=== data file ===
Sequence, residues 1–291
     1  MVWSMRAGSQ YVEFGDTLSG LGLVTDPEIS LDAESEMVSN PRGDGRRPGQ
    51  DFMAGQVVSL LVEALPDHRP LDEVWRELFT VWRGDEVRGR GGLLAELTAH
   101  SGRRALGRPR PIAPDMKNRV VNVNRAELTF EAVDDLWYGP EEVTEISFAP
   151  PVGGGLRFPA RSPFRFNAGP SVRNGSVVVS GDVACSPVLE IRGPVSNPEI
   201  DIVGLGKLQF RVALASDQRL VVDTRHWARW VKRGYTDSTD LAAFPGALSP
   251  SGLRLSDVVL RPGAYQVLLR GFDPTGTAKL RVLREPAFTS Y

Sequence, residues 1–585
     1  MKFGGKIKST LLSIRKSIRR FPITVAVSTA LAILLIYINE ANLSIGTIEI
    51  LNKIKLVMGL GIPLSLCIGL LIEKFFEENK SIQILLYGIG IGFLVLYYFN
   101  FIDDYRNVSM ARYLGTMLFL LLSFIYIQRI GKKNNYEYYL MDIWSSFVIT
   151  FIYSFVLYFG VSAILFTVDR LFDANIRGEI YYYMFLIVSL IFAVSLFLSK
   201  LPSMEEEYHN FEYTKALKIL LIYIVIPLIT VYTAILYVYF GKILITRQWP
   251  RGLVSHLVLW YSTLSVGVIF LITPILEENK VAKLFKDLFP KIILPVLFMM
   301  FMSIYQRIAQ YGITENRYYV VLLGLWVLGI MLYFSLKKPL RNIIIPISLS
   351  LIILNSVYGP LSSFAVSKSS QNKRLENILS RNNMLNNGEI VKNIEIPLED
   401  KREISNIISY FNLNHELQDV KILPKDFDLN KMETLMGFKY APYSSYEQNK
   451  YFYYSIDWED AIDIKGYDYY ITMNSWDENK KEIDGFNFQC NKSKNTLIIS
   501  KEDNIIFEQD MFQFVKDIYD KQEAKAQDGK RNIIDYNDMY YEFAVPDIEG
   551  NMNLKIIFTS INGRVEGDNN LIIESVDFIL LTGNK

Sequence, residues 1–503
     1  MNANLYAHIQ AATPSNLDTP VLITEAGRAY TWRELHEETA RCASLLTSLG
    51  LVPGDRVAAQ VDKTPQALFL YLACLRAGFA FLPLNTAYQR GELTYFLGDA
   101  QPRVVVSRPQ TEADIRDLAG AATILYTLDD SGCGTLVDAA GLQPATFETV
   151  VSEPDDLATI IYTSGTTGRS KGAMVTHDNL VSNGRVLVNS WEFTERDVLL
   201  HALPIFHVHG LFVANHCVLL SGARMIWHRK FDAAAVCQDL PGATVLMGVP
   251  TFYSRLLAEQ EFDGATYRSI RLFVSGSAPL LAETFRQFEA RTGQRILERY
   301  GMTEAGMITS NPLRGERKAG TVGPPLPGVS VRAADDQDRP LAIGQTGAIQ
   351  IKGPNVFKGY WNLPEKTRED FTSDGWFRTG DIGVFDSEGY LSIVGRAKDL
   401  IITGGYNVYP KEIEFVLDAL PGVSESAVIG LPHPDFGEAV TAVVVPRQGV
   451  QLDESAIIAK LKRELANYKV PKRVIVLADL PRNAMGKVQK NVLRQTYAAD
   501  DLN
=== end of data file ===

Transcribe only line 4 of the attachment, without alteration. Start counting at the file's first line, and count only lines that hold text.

   101  SGRRALGRPR PIAPDMKNRV VNVNRAELTF EAVDDLWYGP EEVTEISFAP